A high-heel, like any shoe, is a platform for resting on a level surface.The foot rests mainly at two points – the ball of the foot and the tip of the heel.

These two points are a constant distance apart, in the same alignment and in the same plane, whichever position the shoe is in .

Understanding this is the key to drawing a high heel in any position.

The front area itself will be a roughly pointed oval shape, flattened behind following the shape of the foot . It is not symmetrical – rather flattened on the inner side following the shape of the foot.

The back area (the heel tip) is a much smaller round area often squared off in front.

Any drawing of a high-heeled shoe should start with a rough representation of these areas.

hh1

1)A line to indicate the direction of the shoe should be the first.

Then place in the two areas in a correct perspective (you don’t understand perspective?-come back when you do!)

2)Then you can decide on how high the heel is to be and draw a line roughly perpendicular from the heeltip, and begin to work out the shape of the heel itself. It tapers gracefully downwards at the back. Then you can start roughly sketching the area where the heel of the leg itself will rest – for now you can make this an oval. On higher-heeled shoes this will need to be steeper sloping.

3) Now connect each side of this oval to the lower ball-of-foot area.

Note that the resultant line is curved differently according to its being outer or inner side. Just like the foot itself , the curve is gentler on the outer, more pronounced on the inner.

So now we are almost there for the foundation. If we are drawing a high-heeled sandal the matter is almost finished-simply show a thickness to the sole.

hh2

Follow the same principles for court shoes and other but build up walls from the sole and a covering for the tip of the toes..

Observe the countless ways straps are employed – some very simple, others extraordinarily complex.

(Unless I become a teacher this is the only free lesson I can give – it was a lot of effort to put it together, simple though it seems.)

Instead of a photo…

For a number of reasons a pro-mistress may not always wish to reveal her face on the Net. There are ways of giving an impression about one’s looks without posting a clear image – blurring a photo, for instance, or wearing a hat in a disguising manner or even a mask. However a portrait can convey the personality of the sitter particularly well instead of a photo and is the perfect solution for one who wishes to keep her privacy while engaging her clientele. ms_elizabethswan Mistress Elizabeth Swan is a case in point. Photos cannot convey the liveliness of her expression and her sense of fun, and certainly not blurred ones. This commissioned portrait set out to do just that – so I tried to incorporate the smile, or rather the wicked grin that her clients rave about while also emphasising the attractiveness of her figure. But she can be serious too and the other preparatory sketch here gives an impression of her natural good looks in a more sedate pose.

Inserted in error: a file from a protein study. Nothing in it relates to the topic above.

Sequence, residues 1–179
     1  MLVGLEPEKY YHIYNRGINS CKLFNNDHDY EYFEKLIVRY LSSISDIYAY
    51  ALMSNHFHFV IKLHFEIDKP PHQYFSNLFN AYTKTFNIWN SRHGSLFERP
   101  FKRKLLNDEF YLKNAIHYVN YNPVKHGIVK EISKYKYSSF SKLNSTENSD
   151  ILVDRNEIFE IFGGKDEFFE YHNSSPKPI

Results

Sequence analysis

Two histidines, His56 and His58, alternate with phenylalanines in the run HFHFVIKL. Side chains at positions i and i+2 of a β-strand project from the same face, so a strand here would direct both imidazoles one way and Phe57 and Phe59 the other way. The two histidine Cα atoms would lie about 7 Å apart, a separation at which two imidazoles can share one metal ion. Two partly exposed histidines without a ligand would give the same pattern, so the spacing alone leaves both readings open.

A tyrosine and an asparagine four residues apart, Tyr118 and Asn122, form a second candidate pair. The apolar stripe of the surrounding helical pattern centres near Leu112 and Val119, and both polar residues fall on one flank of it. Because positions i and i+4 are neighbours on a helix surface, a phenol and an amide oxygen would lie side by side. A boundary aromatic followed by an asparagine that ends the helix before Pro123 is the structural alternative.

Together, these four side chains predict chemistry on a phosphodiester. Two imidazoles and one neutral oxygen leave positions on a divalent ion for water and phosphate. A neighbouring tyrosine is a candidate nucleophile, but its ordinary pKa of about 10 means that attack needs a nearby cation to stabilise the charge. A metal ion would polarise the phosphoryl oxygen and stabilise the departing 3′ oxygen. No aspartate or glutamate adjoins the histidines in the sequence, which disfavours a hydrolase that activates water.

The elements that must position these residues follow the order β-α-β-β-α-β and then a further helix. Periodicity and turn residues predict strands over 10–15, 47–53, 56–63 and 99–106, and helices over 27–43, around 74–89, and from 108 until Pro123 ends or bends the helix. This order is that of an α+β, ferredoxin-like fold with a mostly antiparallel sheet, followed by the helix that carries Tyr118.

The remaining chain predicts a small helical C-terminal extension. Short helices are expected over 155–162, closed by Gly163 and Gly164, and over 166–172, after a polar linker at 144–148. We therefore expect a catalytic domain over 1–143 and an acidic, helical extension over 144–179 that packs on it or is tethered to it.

elizabeth_swan_sketch

Moreover with a portrait you can invent a completely fictitious setting, historically or geographically different from the standard photo shoot…and incidentally Mistress Swan does not possess such a crazy electrical device. But she’d use it if she did!

Mistress Elizabeth says… “I choose to hide my face for a few different reasons. One is the other work that I do when I’m not wielding a whip. I run workshops for vulnerable women and I write. Not displaying my face gives me a separation so I can dip my toe in all worlds and I get to keep my anonymity. But the main reason is I just don’t want to display my face on the beast that is the internet. Maybe I would have more clients if I did, or perhaps I would have less!  That is why Sardax’s portraits are so important for people in the business such as myself. He captured my personality perfectly but at the same time didn’t make me instantly recognisable. Which is exactly what I wanted. Also he can draw me in whatever setting his or my imagination can think of. Next up will be ‘A Dommes Progress’ which will be based on Hogarth’s work. But with a much happier ending! So if any of my clients/slaves would like to commission it let us know.”